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Bag Inspection Policies Should Inform Employees to Remain On-The-Clock

On January 10, 2018, the Northern District of California certified a state-wide class of non-exempt hourly employees who allege that they were not fully compensated for all time spent submitting to their employer’s bag inspection requirements. (Heredia v. Eddie Bauer, LLC, January 10, 2018, Freeman, B.). 

In this case, the employer maintained a formal written policy that required all hourly employees who carried a bag that could be used to conceal merchandise to submit to a personal property or bag inspection by a member of management before leaving the store at the end of their shift. Problematically, the written policy at issue was silent as to:

  1. Whether employees must clock out before or after undergoing the required inspections.
  2. Whether managers needed to inform employees that the inspections would be conducted on-the-clock. 

The employer claimed that all members of management were trained to conduct all bag inspections and to inform all employees that bag inspections were on-the-clock.

When certifying the class, the Court found that both the commonality and typicality requirements of Rule 23 were met since there was a common question about whether the inspections were to be conducted off-the-clock or on-the-clock. The Court dismissed arguments that class treatment was inappropriate because not all hourly employees carried bags to work, finding that even if they did not carry a bag they were still required to inform management that they did not have a bag before leaving the store. The Court also dismissed the employer’s argument that the written policy did not specifically state that the inspections had to be conducted off-the-clock and were therefore not a policy or practice that resulted in off-the-clock inspections in every instance.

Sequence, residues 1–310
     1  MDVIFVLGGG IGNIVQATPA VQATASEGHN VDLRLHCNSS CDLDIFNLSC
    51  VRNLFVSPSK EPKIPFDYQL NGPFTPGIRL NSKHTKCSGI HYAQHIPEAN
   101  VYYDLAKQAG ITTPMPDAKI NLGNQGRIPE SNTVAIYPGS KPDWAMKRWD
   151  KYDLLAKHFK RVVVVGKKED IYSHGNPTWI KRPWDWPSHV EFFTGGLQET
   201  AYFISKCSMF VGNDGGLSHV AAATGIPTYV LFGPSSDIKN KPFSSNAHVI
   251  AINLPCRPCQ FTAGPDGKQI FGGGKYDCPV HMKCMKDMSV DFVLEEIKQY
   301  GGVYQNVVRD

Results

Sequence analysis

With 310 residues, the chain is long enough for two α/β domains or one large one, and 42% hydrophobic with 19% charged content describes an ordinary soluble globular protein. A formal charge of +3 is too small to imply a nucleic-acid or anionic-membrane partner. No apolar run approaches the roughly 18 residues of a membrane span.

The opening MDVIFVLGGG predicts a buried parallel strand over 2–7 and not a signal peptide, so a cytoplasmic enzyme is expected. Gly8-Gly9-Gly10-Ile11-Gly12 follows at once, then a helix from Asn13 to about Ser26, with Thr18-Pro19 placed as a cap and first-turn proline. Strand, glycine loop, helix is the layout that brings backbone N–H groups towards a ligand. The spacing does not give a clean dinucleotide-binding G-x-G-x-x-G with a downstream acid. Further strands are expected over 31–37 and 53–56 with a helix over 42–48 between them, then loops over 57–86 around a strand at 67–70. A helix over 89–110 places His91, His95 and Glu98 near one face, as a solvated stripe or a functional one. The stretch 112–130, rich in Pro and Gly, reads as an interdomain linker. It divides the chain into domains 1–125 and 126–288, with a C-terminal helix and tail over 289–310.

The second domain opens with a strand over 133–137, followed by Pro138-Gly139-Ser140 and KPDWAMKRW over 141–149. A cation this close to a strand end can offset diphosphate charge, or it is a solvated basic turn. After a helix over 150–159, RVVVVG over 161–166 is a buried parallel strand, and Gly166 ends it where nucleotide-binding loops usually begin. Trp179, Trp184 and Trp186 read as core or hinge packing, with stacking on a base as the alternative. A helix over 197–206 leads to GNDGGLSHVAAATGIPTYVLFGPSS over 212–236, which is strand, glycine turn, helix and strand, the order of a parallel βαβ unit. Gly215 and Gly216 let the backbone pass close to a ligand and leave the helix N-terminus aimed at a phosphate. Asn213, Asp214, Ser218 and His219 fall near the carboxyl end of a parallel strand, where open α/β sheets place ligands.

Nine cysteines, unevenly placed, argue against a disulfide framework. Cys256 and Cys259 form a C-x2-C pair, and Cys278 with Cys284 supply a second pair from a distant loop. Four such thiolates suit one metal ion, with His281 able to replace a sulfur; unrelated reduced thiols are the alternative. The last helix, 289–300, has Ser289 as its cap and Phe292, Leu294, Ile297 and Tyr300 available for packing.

A takeaway for employers enforcing a bag inspection: the policy should state that the inspection must occur while the employee is on-the-clock.  This will inform employees that they must stay clocked in for the inspection and will reinforce to management that they must ensure employees are clocked-in until the inspection is complete. 

© Polsinelli PC, Polsinelli LLP in California


About this Author


As an employment lawyer, Stephanie Delatorre is well aware that management decisions directly correlate to business decisions, and she remains focused on identifying and advising clients on their options and best courses of action. A business-minded attorney, Stephanie works closely with clients to build relationships, understand their operational and management challenges, and provide legal counsel  both inside and out of the courtroom. She advises corporate clients and individuals in all aspects of complex employment litigation, and has represented businesses before...